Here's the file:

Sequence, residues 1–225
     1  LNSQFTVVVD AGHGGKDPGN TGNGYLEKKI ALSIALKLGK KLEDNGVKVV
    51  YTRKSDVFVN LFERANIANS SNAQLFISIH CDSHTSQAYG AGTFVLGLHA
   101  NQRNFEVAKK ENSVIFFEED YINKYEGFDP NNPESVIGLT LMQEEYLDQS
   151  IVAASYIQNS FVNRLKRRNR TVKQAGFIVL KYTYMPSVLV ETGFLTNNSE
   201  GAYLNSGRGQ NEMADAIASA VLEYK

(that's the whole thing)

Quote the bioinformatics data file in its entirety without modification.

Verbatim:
Sequence, residues 1–225
     1  LNSQFTVVVD AGHGGKDPGN TGNGYLEKKI ALSIALKLGK KLEDNGVKVV
    51  YTRKSDVFVN LFERANIANS SNAQLFISIH CDSHTSQAYG AGTFVLGLHA
   101  NQRNFEVAKK ENSVIFFEED YINKYEGFDP NNPESVIGLT LMQEEYLDQS
   151  IVAASYIQNS FVNRLKRRNR TVKQAGFIVL KYTYMPSVLV ETGFLTNNSE
   201  GAYLNSGRGQ NEMADAIASA VLEYK